of Minnesota will celebrate Aug. 1st at
the State Fair Grounds in a style never
before attempted in the Northwest.
The beautiful Queen Esther was
played at Freyas Hall 505J Washington
ave. S., Thursday evening to a crowded
house. Mr. Wm. Smith denned the
honors. The aftair has never been sur
passed by anything in the city.
Mr. Henry Willis, a young man of
about 25 years of age, while out swim
ming Tuesday eve took the cramps and
drowned. Fvidently the entire crowd
was drunk. The victim came from Du
buque, Iowa, about one year ago.
Boarding house for sale reasonale.
The Glyndon house 119 3d St, 8. Min
neapolis, a fine large house with 16
sleeping rooms, office, sitting-room,
dining room and kitchen fitted up in
first class style, doing good business.
The reason for selling is the ill health
of the landlady Mrs. Geo. WilliamB.
For further particulars address 219 3d
St S. Minneapolis.
Among the artisti al participants in
the coming entertainment to be had at
St. Peter's A. M. E Church on Friday
eve, July 25th, will be Mr. Wm. R. Mor
ris, A. G. Plummer, Pastor K. H. Will
iamson, A. Carter, Prof. S. C. Johnston,
tV t-* W*~9W -*i
J. H. Chick and A. H. Hall.
The lady participants will be Mrs.
Kate Smith, Miss Octavia Woode, Mrs.
J. Amos, Miss Ida J. Marson. Their
choir will be on hand with a choice se
lection of music, also the trustees will
tender a report of their work. About
ten little ghls will render several selec
tions to add to the pleasure of the even
ing. The event will be the first grand
rally under the supervision of Rev. Wil
Ex-Gov. Lewis E. Parsons of Alabama
has been stopping at the Westthis week.
In an interview with one of the Tribune
reporters, he said as to the Negro of the
South he did not think that they are yet
prepared to use the ballot intelligently,
and believed it will be along time before
the Colored man reaches the stage of en
lightenment which will entitle him to the
franchise. Mr. Parson received his po
sition as governor by process of appoint
ment from President Johnson during
the days of reconstruction. The Colored
people that were under him clearlv re
member the assistance they received
from this man. Let the distinguished
gentleman become a candidate for some
office requiring the votes of the laymen
of'the South then he will plainly per
ceive their enlightenment and ability to
use the ballot intelligently. Just such
men as he are the stumbling blocks to
our progress in the South and North.
You must read THE APPEAL to be well
informed about Chicago affairs.
Furnished rooms for gentlemen only,
at Mrs. S. Gant's, 213G and 2138 State
Rooms and board for gentlemen only
at Mrs. H. Pumpfrej 's 510 State street,
A nice front room to rent to nice gen
tleman. Inquire of Mrs. Pumpftey 510
State street 3d flat.
You can get the best meal in the city
at Mrs. J. H. Hunter's. Try one and
you'll eat there all the time.
The Kindergarten Association will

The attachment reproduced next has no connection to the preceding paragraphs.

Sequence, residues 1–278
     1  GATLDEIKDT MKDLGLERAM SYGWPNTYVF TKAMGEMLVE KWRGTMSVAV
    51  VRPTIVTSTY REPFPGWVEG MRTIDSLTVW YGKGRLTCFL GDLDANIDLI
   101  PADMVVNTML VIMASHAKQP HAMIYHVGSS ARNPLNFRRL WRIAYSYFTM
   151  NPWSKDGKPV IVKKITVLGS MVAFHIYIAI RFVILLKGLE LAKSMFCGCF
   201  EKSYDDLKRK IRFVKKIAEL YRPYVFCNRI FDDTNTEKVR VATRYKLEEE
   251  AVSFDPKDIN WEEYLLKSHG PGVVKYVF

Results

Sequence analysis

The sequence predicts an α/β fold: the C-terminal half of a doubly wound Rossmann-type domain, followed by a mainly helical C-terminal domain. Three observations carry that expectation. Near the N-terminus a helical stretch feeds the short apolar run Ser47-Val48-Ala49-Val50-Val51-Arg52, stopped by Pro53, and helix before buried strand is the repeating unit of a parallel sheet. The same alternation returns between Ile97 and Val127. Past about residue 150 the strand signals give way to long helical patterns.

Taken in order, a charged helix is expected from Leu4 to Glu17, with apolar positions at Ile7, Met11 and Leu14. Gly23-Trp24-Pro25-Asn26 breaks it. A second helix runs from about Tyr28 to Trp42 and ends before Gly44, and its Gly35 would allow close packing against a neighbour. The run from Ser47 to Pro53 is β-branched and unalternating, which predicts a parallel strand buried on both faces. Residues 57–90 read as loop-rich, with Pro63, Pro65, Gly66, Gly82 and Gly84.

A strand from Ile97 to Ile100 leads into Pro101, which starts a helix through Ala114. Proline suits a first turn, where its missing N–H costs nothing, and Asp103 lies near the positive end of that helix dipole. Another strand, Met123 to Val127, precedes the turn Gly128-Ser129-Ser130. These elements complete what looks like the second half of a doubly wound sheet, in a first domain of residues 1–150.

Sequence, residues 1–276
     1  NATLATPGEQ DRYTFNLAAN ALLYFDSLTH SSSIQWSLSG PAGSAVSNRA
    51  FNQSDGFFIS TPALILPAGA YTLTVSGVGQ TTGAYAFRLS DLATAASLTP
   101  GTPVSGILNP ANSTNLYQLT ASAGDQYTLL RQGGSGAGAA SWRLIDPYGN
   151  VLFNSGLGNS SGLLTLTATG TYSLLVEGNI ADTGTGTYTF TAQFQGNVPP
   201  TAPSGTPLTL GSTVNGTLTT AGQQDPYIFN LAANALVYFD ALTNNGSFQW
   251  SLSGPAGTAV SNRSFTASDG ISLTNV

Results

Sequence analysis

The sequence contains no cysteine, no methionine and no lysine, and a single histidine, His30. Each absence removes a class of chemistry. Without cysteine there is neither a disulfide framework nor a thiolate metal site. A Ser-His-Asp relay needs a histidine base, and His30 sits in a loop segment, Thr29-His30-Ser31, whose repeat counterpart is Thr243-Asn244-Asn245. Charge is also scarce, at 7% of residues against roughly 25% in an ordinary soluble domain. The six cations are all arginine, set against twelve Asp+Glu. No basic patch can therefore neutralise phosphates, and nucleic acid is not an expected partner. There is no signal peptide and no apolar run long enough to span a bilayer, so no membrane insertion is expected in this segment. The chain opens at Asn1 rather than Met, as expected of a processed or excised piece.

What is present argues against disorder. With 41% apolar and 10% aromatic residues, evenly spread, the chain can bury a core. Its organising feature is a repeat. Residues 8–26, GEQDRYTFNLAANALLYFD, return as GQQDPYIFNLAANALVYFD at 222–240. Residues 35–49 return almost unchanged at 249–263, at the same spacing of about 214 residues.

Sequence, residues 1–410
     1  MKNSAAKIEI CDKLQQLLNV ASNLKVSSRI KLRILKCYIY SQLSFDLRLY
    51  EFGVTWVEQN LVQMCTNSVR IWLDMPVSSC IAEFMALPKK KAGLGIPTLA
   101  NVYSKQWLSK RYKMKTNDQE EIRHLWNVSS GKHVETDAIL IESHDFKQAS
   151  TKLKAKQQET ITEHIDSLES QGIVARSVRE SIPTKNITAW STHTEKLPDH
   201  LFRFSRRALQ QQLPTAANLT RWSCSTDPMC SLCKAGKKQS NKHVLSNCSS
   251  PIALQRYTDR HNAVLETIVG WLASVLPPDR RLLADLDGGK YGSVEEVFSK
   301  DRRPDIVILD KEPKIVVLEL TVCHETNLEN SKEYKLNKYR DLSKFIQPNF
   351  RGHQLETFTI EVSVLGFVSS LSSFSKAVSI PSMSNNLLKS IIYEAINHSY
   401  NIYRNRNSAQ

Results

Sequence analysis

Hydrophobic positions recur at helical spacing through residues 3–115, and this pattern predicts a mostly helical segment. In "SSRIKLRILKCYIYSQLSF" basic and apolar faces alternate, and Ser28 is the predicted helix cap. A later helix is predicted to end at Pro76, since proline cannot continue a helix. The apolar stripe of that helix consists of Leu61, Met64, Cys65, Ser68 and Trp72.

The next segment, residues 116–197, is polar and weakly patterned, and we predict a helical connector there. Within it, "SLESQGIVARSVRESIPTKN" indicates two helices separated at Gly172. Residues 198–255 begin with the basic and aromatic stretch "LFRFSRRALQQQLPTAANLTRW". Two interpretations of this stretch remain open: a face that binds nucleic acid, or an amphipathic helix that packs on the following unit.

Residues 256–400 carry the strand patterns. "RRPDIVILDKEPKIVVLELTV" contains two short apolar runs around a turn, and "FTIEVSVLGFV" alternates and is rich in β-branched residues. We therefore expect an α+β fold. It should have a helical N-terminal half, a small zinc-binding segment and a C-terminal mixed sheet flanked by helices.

hereafter meet at Bethesda church, on
the second Tuesday of each month.
The place to get anything in the jew
elry line or to have lepairmg done is at
Henry Ritter's No. 3152 State street.
A nice young man can find a nice
room with a nice family if he will apply
to Mrs. P. Ford 519 State street 3d flat.
Mr. S. C. White is the authorized col
lector foi THE APPEAL. He will give
proper receipts for all money3 paid to
Have you tried the meals at Mr. R. K.
Jones' No. 211 Third ave. top flat? No.
Well, try them and you will not eat any
If you wish to get household goods at
the lowest rates on time go to the
People's Outfitting Co, 171 and 173 W.
If you are looking for first class rooms
and meals try Mrs. Lucy Brown No.
155 Third ave. neai Polk stieet. Tian
For RentNicely furnished room for
lent to married couple at 3154 Butter
field street, with privilege of light house
keeping. Rent reasonable.
The popular leeort for the young folks
out South is the ice cream parlors of
Mr I. B. Walters No. 2828 State street
Sunday nights after church, if you wish
to be in the swim go to Walters'.
Hello, are you going to the picnic?
What picnic? Why the St. Thomas pic
nic. When? July 24th. Where? Eliot's
Park, Matteson, 111. How much? 50
cents. Why certainly, can't miss that
Mr. F. A. Chinn 338 30th street is
doing a good business in the candy and
fruit line. His store is a gem of neat
ness. He also sells cigars and tobacco
and newspapers, including THE APPEAL.
Give him a call.
Subscribers who change their place of
residence should at once send a postal
card to THE APPEAL 325 Dearborn Chica
go, giving both the old and new address.
If this is done they'll be sure to re
ceive the paper regularly.
Persons having local news, items etc.
for THE APPEAL should get to the office
as early in the week as possible. If
they come late they may not get in,
as paid matter is given the preference.
Bring or send your items to Ihe office
325 Dearborn street, suite 13-14-15.
The readers of THE APPEAL will do a
friendly act and one that will benefit
the paper greatly, by spending their
money with the people who advertise
in it. They are anxious for your trade
and prove it by advertising in this
paper. Help those that help you, or,
help your institutions. Read all the ad
vertisements as carefully as you do any
thing else and, when vou patronize our
advertisers, please let them know you
do so because they advertise in THE AP
Where to Get THE APPEAL.
For the benefit of persons who are not
regular subscribers, THE APPEAL is on
sale in Chicago at the following places
Chas. Landre, 111 Harrison street.
R. S. Bryan, 446 State ttreet^
F. A. Chinn, 338 Thirtieth street.
W. H. Monroe, 4 Madison street.
W. Nelson, 179 Walnut street.
Remonde House, 464 State street.